"The nice thing about quotes is that they give us a nodding acquaintance
with the originator which is often socially impressive."
Kenneth Williams, Acid Drops (1980)
What is an epigraph? It's a short statement (a quotation, an idiom, a poem, etc.) that comes at the beginning of text, but the words are written by a different author who is usually cited after the statement.
I am not a big fan of using famous quotes or epigraphs of any kind in books. Why? Because it doesn't do anything to further your voice as the author. It validates the person you quoted, and usually that's about it.
The worst thing that could ever happen to an author is that you get on a fabulous show, the interviewer reads your book, and during the interview says something like, "You quoted Winston Churchill at the beginning of Chapter 2. Tell us about that."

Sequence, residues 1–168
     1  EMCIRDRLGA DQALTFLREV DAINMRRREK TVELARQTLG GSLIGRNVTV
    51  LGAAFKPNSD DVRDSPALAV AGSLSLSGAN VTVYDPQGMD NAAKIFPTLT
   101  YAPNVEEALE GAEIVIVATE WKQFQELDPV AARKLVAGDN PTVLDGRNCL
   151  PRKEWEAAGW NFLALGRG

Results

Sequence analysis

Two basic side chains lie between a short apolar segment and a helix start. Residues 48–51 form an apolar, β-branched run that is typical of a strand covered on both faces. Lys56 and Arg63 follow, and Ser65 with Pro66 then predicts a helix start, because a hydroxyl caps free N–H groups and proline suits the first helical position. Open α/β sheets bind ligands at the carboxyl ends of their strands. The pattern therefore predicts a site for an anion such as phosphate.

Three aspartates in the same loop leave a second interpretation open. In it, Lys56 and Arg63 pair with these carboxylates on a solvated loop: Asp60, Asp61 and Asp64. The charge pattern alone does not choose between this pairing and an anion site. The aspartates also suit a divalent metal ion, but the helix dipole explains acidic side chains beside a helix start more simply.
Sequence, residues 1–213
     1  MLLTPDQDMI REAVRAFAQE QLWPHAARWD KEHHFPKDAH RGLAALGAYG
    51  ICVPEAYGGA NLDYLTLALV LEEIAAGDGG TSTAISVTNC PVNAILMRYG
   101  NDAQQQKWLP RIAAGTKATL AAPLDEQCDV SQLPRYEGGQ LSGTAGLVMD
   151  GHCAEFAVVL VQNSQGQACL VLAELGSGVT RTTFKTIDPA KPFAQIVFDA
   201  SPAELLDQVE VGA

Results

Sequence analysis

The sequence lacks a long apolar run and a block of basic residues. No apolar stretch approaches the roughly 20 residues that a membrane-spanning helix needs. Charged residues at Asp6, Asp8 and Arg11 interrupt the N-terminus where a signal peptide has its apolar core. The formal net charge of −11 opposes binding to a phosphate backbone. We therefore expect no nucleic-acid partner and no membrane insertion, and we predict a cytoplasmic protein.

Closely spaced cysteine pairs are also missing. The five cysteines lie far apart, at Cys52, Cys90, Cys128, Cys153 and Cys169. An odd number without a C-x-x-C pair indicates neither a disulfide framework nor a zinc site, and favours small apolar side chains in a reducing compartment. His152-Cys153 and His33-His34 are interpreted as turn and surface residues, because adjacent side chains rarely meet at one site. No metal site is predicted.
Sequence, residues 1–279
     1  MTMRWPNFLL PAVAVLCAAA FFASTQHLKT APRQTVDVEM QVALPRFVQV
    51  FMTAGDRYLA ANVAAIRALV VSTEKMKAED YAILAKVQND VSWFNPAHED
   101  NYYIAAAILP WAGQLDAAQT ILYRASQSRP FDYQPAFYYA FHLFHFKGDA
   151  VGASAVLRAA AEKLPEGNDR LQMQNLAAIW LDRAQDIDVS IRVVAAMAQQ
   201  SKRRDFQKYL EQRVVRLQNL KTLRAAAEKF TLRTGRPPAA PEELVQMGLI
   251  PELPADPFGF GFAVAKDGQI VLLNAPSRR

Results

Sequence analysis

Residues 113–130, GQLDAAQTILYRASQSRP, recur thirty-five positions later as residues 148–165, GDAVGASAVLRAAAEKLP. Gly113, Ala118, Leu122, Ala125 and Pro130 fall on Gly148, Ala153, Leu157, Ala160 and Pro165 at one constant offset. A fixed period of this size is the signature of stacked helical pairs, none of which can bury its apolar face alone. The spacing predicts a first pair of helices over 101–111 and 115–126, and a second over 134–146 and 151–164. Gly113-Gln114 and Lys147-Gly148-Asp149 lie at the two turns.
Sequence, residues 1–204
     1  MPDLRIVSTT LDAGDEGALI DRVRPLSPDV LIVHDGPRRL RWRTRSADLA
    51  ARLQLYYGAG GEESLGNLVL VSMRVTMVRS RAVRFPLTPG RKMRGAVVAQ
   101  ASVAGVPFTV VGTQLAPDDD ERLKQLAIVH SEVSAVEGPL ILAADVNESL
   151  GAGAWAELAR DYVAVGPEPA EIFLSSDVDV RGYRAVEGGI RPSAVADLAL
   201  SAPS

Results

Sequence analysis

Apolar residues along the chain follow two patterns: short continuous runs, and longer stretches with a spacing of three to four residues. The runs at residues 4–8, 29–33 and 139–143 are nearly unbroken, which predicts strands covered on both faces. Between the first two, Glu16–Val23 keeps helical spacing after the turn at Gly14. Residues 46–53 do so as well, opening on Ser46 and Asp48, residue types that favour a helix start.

Now you are in the position of telling the interviewer why you chose the Churchill quote, what it means to you, and how it relates to your book. What will the audience remember? The Churchill quote.
Why not use pull quotes (highlighted text pulled from the main body of the text) from your own insightful prose? You have ideas. You have profound thoughts. You have wisdom. Your words are valuable too, and you are the first one who should honor them. Why not celebrate your own wisdom and talk about that when given the chance? After all, you want that interviewer to say, "Mr. Author, at the beginning of Chapter 2, you said something profound. Tell us about that!"
"Craft your thoughts into such profound wisdom that
future authors will endeavor to quote you in their own books."
Lisa Pelto, CMI-Keyring, 2017